Queensland inspired to show their true colours
After a racial row marred the lead-up, it seemed only apt that Queensland showed their true colours in a 34-6 Origin II victory over NSW at Suncorp Stadium on Wednesday night.
While NSW backrower Luke O’Donnell saw red, the evidence supporting Queensland as the greatest team in Origin’s 30 years was there in black and white.
When the dust settled on a spiteful clash, Queensland had sealed a record fifth straight Origin series.
And they promptly rated the greatest Maroons team by a man who should know – Queensland coach Mal Meninga.
“I think it’s been a tough week for rugby league in general and a lot of things have happened and tomorrow should be about what a great team this is,” said Meninga, who played the first of his 32 Origins in the 1980 original.
“(They are) remarkable players but the thing about the Maroons is they are a fantastic team and play for each other and just want to do it for each other so it’s a pleasure being a coach.
“Our depth is great and we’ve got great leaders who play in key positions for us…so it all adds up to a pretty special team.”
Life isn’t as peachy for his “shocked” counterpart Craig Bellamy, who admitted NSW had “every right” to sack him following yet another loss.
Especially after Meninga later laughed off NSW pivot Trent Barrett’s claim that the tide would eventually turn.
“The domination they’ve got has got to stop eventually,” Barrett said.
The Maroons faithful in the 52,452-strong crowd went into party mode as Queensland continued their golden run – a 10-4 win-loss record since their winning streak began in 2006.
Only Queensland’s 13-3 record from 1922-26 is better.
The six tries to one loss came on a dark night for NSW, especially O’Donnell.
Days after disgraced ex-NSW assistant Andrew Johns’ now infamous racial slurs rocked the countdown to Origin II, the question remained: “How would the Maroons’ indigenous stars respond?”
The fired-up Suncorp Stadium crowd didn’t have to wait long for the answer.
In the third minute a pumped Greg Inglis – the focus of Johns’ rant that cost him his NSW coaching gig – had dragged two defenders over to score.
By the 12th, Israel Folau – another reportedly in Johns’ sights on last week’s Blues bonding night – had crossed to make it 10-0.
Asked how the Johns saga had affected him, Inglis told Channel Nine: “It showed in my game tonight. I was pretty upset about it.”
Bellamy said: “Nobody wanted to happen, what happened, and nobody wanted it to keep going.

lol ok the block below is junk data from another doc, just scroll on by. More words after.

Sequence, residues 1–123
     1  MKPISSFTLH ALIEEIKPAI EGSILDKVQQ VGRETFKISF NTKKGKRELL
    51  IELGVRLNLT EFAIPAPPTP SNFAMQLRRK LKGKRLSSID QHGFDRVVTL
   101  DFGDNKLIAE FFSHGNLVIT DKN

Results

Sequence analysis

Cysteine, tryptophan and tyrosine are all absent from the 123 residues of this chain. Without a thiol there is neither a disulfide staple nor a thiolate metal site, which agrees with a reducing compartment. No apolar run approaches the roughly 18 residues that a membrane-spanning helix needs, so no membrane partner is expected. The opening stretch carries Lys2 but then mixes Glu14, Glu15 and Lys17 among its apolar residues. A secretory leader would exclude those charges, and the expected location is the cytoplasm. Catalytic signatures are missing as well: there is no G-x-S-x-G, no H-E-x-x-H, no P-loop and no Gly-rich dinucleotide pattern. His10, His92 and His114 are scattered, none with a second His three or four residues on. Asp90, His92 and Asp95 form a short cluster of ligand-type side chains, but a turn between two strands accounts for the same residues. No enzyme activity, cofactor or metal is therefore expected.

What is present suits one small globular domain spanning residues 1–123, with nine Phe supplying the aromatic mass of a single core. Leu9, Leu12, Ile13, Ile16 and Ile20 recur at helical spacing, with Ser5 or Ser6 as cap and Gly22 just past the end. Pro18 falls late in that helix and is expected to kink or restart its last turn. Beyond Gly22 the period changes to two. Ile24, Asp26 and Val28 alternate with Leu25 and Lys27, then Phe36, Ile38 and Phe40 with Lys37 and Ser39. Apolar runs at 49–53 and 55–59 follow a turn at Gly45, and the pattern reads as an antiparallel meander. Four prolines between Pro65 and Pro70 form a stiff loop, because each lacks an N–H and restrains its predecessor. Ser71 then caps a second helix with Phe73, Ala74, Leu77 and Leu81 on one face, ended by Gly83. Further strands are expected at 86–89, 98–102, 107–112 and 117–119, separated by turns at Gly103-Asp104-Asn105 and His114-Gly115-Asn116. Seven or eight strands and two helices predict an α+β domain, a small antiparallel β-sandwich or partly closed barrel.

“I would love to be able to use that as an excuse, but I don’t think it is.”
It was going to take something special to take the focus away from the Johns racial row – but it became a subplot after O’Donnell’s brain explosion.
The Cowboys enforcer was considered lucky not to be sent off in the 26th minute when the match erupted following his ugly spear tackle on Maroons winger Darius Boyd.
After O’Donnell’s shocking tackle sparked an all-in, the fired-up North Queensland forward could be seen headbutting David Taylor as the Queenslander was restrained by NSW’s Joel Monaghan.
O’Donnell was inexplicably cleared of the headbutt but faces three to four weeks on the sidelines after being charged with a grade two dangerous throw.
Blues enforcer Paul Gallen will be available for Cronulla this week after pleading guilty to a grade one careless tackle charge for his 23rd minute hit on Nate Myles.
It was the first time Queensland had wrapped up a series at Suncorp Stadium since 1991 – the legendary Wally Lewis’ farewell game.
The clash also provided the Maroons faithful the victory they were deprived of last year when NSW averted a whitewash with yet another fiery display.
The 28-point victory narrowly missed equalling the record 30-point winning margin Queensland had racked up three times in the 30-year Origin history – in 1989 (36-6), 2003 (36-6), 2008 (30-0, all at Suncorp Stadium.
After Queensland led 16-0 at halftime it was more of the same in the second stanza – with more Maroons points, and more biffing.
The niggling act between Inglis and NSW centre Beau Scott boiled over in the 57th minute when the pair went toe to toe.
Queensland extended their advantage to 34-0 through Tonga (44th), Folau (48th) and Cooper Cronk (62nd) before NSW finally got on the board through prop Brett White (79th).© AAP 2013
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